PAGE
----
The June bug spinner, a classic fishing lure, is especially useful when casting for fish and comes in a variety of colors and styles. The June bug has been used for many years to catch walleye, pike, muskie and bass in freshwater and Great Lakes fishing. It also can be used for saltwater fishing.
Tie the swivel onto the end of the fishing line using your favorite fishing knot. Trim any excess line using a fishing knife or nail clippers. Open the snap swivel and slide the loop of the June bug spinner onto it. Close the snap swivel.
Attach a 1/2 oz. sinker to your fishing line about two feet in front of the swivel. Squeeze the sinker on tightly so it doesn't slide or fall off the line. Add a little more weight if you are fishing in rough or windy conditions, or if you intend to fish near the bottom of the body of water.
Cast the spinner as far as you can into the water, noting the distance it travels. Reel it back in at a moderate speed, pausing occasionally. Pay attention to whether the lure sinks or skips across the water. Add more weight next to the original sinker if the lure skips a lot or if your cast didn't travel as far as expected.
Push a minnow or a portion of a worm up the fishing hook so the hook travels through its body and secures it in place. Make sure the barbed part of the fish hook is exposed after pushing the bait into place.
Cast the line out as far as you can in an area you expect to find fish. Allow the spinner to sink a little, then reel it in at a speed where the lure travels just below the surface of the water. Pause from time to time to allow the lure to sink a bit. Jerk your wrist on occasion when reeling in, creating an erratic "swimming" pattern. An erratic pattern mimics an injured food source to the fish. You can practice in clear water at a slower-than-normal reeling speed to perfect your technique and get a feel for the lure.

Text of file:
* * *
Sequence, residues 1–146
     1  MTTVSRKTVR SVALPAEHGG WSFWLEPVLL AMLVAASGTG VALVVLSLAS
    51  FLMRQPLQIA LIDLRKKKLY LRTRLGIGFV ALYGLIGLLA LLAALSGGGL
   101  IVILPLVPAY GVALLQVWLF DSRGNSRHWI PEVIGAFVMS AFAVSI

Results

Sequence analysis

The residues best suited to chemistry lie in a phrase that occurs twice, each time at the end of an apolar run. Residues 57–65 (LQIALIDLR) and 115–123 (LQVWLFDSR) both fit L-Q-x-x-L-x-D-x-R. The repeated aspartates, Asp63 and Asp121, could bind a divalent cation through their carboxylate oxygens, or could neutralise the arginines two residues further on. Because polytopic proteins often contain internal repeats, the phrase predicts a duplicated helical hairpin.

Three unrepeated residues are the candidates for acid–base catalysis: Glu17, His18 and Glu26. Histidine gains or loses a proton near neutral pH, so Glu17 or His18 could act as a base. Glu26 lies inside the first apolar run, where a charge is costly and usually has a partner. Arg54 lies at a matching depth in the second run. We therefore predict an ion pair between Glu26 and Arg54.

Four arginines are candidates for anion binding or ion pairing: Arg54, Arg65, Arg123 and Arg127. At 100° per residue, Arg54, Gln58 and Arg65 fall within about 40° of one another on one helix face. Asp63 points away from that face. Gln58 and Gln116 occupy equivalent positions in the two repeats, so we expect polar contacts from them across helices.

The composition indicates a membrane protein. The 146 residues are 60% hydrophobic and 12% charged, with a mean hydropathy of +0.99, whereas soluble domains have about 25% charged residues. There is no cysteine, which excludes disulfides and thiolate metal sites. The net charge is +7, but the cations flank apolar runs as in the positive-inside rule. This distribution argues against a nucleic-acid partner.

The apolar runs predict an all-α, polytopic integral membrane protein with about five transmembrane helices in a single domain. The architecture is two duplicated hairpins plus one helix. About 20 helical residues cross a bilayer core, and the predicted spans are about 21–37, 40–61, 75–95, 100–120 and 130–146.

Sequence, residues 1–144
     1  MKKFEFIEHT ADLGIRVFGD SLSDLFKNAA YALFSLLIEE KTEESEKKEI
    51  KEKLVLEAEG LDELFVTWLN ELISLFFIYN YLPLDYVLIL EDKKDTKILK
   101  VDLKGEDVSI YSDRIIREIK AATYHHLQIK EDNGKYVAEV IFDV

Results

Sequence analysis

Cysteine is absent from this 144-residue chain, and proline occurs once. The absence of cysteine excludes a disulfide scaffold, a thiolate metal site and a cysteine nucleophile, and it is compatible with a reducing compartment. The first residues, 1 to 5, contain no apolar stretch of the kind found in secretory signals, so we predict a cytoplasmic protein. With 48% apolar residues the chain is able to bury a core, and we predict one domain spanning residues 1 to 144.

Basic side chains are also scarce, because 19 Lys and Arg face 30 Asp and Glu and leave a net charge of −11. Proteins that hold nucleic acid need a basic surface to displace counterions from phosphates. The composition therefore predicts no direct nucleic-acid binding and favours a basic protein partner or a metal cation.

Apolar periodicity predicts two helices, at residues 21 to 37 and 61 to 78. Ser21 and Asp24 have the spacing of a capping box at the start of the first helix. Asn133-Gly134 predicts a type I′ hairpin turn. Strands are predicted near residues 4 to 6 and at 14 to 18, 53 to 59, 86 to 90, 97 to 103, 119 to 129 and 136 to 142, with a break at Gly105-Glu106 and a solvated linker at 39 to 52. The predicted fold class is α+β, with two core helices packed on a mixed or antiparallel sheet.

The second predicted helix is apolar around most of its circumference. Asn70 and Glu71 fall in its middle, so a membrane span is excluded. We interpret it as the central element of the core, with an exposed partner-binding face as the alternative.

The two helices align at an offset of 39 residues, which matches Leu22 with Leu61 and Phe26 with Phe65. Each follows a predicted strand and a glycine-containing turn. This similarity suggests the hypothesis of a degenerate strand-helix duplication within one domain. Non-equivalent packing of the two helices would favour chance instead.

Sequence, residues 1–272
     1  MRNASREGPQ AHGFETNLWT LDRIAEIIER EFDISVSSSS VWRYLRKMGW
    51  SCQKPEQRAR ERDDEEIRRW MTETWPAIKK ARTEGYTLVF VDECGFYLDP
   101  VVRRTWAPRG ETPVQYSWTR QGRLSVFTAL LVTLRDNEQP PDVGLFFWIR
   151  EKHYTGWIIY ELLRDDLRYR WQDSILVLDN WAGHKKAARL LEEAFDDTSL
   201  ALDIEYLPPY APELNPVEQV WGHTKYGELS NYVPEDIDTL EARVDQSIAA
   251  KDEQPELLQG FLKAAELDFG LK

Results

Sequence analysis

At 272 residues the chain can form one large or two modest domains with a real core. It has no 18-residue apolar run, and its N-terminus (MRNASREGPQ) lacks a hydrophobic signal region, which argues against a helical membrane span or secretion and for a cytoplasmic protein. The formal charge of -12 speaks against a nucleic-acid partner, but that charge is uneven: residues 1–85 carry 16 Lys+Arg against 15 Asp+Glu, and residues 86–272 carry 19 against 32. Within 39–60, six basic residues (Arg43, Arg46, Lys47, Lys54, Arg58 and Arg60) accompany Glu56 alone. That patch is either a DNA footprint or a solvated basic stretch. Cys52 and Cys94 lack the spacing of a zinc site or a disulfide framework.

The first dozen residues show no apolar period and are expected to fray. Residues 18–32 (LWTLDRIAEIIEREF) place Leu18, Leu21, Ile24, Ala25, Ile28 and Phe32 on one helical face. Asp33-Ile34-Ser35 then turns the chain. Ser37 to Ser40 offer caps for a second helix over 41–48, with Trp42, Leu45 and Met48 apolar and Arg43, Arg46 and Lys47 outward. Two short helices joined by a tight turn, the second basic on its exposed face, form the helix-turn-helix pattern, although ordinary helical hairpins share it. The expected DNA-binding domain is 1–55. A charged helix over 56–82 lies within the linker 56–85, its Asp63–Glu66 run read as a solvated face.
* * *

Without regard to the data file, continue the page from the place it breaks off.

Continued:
Set the hook when you feel a bite on the line by pulling the rod upwards and backwards. Reel in the fish while holding the rod so the line is nearly perpendicular to the water. Keep reeling without stopping until the fish is out of the water.
Tips & Warnings
- You can make your own June bug spinners with basic supplies from fishing outfitters and craft stores. The main thing that sets the June bug apart from other spinner baits is the way the spinner is held a specific distance from the hook.
- June bug spinners can be used with live or dead bait, or even no bait at all if the fish are especially frisky, such as just before sunset. Rubber worms sometimes work as well.
- Try different colors of June bug spinner blades during different conditions or different times of day. Some days, one color of lure seems to work better than others.
- Fish at different depths if they don't seem to be biting near the surface. Add more weight and try a zone a few feet down, or add an even heavier weight to bounce the sinker off the bottom and catch fish at that level.
- Don't reel in too quickly, especially when the lure is near you, or the lure may hit you or your fishing pals when it comes out of the water.